Nikon D7200 Measurement: Outstanding Dynamic Range
With an overall DxOMark Sensor Score of 87 points, the Nikon D7200’s 24.2Mp sensor ranks in 20th place for all sensors in the database and in first place for APS-C sensors. Despite using a 24.2Mp sensor similar to those in the D5500 and D3300 models, there’s clear daylight between the D7200 with 87 points, and the D5500 in second place for APS-C sensors with 84 points. Continuing to dominate the top of the APS-C leader board, Nikon DX-format DSLRs now occupy the top 5 spots, with overall scores from the D7200, D5500, D5200, D7100, and D5300 all breaking through the 80 points barrier.
The D7200’s outstanding area of performance is undoubtedly Dynamic Range, where its Landscape sub-score of 14.6 EVs not only ranks first for all APS-C sensors, but also second for ALL sensors in the database, just behind the full-frame Nikon D810 with 14.8 EVs.
With a Portrait Color Depth score of 24.5 bits, the D7200 also sits on top of the table for APS-C color. The result isn’t quite as impressive as its Dynamic Range, however, with comparable results from the Sony A77 II, and the Nikon D3300 & D7100 only a little behind for color. The one area in which the D7200’s sensor performance falls down a little is ISO, however, where its score of 1333 ISO ranks behind the D5500, the D3300 and the D5300, and the two Sony cameras, putting it in sixth place overall in the APS-C rankings, although there’s really not very significant.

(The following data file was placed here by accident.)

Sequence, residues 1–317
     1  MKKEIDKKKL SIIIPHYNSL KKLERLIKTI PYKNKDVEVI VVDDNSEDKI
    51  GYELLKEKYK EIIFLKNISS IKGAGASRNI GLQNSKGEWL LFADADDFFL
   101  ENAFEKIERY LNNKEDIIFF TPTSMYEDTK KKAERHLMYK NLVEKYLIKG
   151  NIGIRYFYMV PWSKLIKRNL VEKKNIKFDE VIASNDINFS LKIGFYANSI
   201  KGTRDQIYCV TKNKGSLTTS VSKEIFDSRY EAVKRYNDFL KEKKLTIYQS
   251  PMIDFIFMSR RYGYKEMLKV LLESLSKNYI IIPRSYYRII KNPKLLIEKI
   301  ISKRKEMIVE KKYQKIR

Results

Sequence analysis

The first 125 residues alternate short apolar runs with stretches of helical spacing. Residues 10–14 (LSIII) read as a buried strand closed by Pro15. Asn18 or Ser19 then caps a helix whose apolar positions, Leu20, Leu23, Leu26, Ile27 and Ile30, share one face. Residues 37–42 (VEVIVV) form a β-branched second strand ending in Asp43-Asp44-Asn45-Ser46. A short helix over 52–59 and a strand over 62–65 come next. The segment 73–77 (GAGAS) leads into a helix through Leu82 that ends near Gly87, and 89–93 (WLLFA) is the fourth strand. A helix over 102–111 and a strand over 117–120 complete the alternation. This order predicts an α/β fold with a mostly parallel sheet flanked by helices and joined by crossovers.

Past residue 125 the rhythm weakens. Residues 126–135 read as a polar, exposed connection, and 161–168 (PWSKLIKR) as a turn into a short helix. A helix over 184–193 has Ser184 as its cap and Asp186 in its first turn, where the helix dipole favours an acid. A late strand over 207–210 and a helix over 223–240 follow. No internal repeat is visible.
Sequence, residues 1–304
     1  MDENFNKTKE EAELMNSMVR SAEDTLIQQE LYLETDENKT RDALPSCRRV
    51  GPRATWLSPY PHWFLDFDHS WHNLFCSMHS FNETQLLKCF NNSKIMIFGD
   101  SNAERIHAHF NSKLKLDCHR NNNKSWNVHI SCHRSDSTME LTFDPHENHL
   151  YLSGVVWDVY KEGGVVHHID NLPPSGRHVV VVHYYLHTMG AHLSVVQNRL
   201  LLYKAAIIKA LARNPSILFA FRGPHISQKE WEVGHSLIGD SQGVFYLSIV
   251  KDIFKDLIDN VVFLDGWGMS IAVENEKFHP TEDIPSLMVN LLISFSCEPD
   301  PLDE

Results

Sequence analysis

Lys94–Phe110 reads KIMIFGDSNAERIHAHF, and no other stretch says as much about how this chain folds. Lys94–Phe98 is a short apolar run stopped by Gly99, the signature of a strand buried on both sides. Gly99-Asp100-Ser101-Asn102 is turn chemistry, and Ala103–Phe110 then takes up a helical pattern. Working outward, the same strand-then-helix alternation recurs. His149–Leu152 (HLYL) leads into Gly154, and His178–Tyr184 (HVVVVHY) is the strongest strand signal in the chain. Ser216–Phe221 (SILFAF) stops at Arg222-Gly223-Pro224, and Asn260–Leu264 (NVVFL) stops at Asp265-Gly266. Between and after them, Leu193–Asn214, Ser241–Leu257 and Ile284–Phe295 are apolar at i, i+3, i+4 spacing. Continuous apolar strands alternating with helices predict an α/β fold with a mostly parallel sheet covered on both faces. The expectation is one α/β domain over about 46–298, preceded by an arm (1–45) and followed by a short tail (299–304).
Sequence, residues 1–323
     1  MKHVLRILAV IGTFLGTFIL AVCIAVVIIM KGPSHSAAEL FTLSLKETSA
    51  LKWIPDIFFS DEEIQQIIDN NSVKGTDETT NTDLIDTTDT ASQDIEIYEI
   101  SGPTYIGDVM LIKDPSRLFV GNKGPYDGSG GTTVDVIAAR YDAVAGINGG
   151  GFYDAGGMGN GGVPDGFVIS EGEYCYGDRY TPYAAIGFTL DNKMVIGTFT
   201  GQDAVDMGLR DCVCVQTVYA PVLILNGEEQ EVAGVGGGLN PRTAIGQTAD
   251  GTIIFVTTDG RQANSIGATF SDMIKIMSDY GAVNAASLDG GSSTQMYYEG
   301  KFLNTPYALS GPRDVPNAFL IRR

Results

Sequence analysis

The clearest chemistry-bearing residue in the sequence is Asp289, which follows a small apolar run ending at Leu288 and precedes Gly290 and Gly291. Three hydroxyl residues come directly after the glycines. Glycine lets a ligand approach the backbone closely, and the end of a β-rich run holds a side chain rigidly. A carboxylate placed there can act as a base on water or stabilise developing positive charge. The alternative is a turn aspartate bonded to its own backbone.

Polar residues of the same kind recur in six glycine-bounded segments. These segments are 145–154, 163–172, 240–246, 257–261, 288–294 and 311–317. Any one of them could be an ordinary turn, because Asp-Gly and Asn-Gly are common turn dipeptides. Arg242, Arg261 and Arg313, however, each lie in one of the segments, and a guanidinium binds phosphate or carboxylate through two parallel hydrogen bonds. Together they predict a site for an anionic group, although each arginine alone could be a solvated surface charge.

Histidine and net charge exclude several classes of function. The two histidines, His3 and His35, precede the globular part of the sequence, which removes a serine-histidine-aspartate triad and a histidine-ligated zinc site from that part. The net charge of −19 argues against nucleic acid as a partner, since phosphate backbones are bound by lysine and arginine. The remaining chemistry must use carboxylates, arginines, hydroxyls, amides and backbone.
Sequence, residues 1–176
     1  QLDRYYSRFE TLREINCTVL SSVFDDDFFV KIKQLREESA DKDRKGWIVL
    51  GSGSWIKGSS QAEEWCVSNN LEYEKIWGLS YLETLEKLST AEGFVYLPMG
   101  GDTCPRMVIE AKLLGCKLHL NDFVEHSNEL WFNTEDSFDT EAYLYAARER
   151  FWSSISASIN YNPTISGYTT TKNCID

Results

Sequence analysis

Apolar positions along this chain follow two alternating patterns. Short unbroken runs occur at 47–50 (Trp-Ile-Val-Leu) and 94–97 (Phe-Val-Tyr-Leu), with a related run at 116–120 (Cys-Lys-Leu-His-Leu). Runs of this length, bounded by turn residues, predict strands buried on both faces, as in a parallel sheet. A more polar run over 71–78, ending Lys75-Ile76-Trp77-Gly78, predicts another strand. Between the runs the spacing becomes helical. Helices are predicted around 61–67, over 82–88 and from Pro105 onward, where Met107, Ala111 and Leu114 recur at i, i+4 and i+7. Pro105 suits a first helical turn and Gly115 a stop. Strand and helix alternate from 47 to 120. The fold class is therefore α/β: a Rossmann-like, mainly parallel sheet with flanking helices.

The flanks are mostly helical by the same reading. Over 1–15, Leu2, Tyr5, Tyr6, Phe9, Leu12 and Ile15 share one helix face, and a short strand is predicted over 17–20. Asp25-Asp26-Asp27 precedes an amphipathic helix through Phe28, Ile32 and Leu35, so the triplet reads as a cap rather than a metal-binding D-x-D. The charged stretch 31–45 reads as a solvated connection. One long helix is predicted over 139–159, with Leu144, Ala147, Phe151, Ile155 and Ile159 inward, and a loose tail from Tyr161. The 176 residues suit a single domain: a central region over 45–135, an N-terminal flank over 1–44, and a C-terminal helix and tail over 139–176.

Comparison 1: Nikon D7200 vs Nikon D810 vs D610
The class-leading APS-C sensor scores from the Nikon D7200 mean that results from the smaller DX format are getting ever closer to the best full-frame sensors. Despite being a little way off from breaking through the 90-point barrier, an overall score of 87 from the D7200 is only a half-stop behind the Nikon D610 with 94 points, and two-thirds of a stop off the best-performing sensor we’ve tested (the D810 with 97 points).
The big difference between DX and FX sensors is still in their Low-Light ISO performance, where the physically larger sensor and greater pixel pitch results in over one-stop better sensitivity for the larger format. Results are closer for Color Sensitivity and Dynamic Range, however, putting the D7200’s sensor performance in the same ballpark as the D810 and D610 for these sub-scores. The D7200’s outstanding Dynamic Range score of 14.6 EVs actually surpasses that of the D610 at base ISO, and is only 0.2 EVs behind the D810. As sensitivity increases, the rate of decline in Dynamic Range is broadly similar, too, with all three sensors offering good Dynamic Range of over 10 EVs up to ISO 3200.
For Color Sensitivity, the larger FX formats are superior at base ISO, but with overall Portrait scores of 24.5 bits for the D7200 compared to 25.1 bits & 25.7 bits for the D610 and D810, respectively, the difference is less than one stop. As sensitivity increases, the gap between the APS-C and full-frame sensors for color widens a little, however, so while good Color Sensitivity over 20 bits is possible on the D810 and D610 up to ISO 1600, the D7200’s APS-C sensor tails off at ISO 800.
Comparison 2: Nikon D7200 vs Canon 7D Mark II vs Sony A77 II